bees, honey and other sticky subjects

Wednesday, June 09, 2004

Hi-tech honey dressings

The case for the healing properties of manuka honey is growing and now a company has devised a new way of applying manuka wound dressings without creating a sticky mess. Comvita, the New Zealand bee products company moving towards a full New Zealand stock market listing, has developed a manuka dressing that is like a sheet of rubber and isn't sticky to touch.

Much of the work on Manuka healing properties has been undertaken at the Honey Research Unit at the University of Waikato, in New Zealand. BBC News Online reports Biochemist Professor Peter Molan as saying:
“In all honeys, there is — to different levels — hydrogen peroxide produced from an enzyme that bees add to the nectar.

“In manuka honey, and its close relative which grows in Australia called jellybush, there's something else besides the hydrogen peroxide.

“And there's nothing like that ever been found anywhere else in the world.”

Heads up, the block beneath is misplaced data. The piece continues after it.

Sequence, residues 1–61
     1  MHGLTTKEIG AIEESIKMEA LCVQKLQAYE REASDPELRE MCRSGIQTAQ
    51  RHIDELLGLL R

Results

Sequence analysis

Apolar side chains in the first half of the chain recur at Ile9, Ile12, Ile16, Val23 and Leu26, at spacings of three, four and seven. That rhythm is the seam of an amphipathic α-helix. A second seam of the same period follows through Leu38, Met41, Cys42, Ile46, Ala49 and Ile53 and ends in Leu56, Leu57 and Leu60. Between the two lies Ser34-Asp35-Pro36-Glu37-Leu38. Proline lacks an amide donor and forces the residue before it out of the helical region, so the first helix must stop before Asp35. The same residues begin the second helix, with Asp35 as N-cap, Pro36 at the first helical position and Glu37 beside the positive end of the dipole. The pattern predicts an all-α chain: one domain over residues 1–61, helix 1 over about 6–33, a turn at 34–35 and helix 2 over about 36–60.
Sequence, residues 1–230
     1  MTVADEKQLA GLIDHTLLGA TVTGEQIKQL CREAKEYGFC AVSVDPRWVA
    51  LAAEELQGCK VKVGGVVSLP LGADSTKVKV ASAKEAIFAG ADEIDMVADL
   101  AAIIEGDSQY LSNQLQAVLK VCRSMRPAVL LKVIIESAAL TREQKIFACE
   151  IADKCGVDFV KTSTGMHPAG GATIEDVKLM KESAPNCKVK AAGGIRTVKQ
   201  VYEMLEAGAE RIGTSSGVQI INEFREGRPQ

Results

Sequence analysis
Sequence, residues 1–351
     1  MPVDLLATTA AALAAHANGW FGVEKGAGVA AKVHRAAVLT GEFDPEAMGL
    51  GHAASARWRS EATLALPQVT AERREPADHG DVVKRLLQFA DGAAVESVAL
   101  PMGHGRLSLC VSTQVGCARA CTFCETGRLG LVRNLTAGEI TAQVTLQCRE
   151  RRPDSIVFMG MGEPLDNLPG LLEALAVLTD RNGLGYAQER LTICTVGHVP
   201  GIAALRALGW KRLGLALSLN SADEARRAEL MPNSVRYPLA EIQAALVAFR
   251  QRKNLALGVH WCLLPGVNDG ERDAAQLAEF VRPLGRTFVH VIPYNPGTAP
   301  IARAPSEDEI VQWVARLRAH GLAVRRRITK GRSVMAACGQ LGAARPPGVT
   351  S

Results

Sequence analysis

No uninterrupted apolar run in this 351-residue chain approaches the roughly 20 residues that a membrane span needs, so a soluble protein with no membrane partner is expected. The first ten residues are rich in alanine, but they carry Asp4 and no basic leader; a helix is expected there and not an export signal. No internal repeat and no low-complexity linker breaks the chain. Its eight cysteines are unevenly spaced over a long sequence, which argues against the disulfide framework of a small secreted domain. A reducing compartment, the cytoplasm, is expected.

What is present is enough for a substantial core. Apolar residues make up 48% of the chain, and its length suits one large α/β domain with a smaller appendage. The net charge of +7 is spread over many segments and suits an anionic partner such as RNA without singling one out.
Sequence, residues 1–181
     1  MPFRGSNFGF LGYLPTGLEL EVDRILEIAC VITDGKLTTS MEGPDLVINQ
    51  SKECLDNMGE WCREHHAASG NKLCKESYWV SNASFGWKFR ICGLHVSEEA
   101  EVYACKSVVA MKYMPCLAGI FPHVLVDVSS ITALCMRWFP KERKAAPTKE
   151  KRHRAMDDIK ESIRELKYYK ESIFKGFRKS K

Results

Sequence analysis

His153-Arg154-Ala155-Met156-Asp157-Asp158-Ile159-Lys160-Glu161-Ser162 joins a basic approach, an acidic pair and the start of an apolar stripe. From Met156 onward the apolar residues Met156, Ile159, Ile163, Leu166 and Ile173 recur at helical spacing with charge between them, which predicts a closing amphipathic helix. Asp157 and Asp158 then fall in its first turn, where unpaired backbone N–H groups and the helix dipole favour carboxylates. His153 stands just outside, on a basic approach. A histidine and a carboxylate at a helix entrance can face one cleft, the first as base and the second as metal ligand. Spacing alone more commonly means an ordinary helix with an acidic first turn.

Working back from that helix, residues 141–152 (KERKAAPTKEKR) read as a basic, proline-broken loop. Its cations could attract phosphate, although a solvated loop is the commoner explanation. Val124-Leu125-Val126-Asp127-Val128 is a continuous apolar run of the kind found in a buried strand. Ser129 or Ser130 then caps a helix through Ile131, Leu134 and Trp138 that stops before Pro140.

That “something else” has proved very hard to pin down. Even now, after more than twenty years of research, Peter Molan admits he still has no idea exactly what it is.

But he has given it a name: unique manuka factor, or UMF.

And he has found a way to measure its antibacterial efficacy, by comparing UMF manuka honey with a standard antiseptic (carbolic, or phenol) in its ability to fight bacteria. The results are astonishing.

He said: "We know it has a very broad spectrum of action.

“It works on bacteria, fungi, protozoa. We haven't found anything it doesn't work on among infectious organisms.”
And manuka has been used in really tough cases:

Cancer specialist Dr Glenys Round has also found honey to be an effective treatment. “We've been using honey to treat fungating wounds, where the cancer has broken through the skin,” she said. “The results in that situation have been excellent.”


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